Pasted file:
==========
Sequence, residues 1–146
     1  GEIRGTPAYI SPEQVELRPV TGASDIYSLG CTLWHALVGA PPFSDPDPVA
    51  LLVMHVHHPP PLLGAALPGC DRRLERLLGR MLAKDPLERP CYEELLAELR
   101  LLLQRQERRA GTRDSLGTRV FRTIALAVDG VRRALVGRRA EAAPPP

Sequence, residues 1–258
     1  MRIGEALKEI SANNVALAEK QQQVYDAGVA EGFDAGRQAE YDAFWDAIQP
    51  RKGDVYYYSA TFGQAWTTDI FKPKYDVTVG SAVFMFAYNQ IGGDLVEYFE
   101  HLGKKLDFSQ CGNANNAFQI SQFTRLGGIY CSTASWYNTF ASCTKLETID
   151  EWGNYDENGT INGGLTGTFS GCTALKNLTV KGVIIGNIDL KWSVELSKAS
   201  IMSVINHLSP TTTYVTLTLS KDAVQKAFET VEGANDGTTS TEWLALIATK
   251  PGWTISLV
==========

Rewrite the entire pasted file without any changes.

Sequence, residues 1–146
     1  GEIRGTPAYI SPEQVELRPV TGASDIYSLG CTLWHALVGA PPFSDPDPVA
    51  LLVMHVHHPP PLLGAALPGC DRRLERLLGR MLAKDPLERP CYEELLAELR
   101  LLLQRQERRA GTRDSLGTRV FRTIALAVDG VRRALVGRRA EAAPPP

Sequence, residues 1–258
     1  MRIGEALKEI SANNVALAEK QQQVYDAGVA EGFDAGRQAE YDAFWDAIQP
    51  RKGDVYYYSA TFGQAWTTDI FKPKYDVTVG SAVFMFAYNQ IGGDLVEYFE
   101  HLGKKLDFSQ CGNANNAFQI SQFTRLGGIY CSTASWYNTF ASCTKLETID
   151  EWGNYDENGT INGGLTGTFS GCTALKNLTV KGVIIGNIDL KWSVELSKAS
   201  IMSVINHLSP TTTYVTLTLS KDAVQKAFET VEGANDGTTS TEWLALIATK
   251  PGWTISLV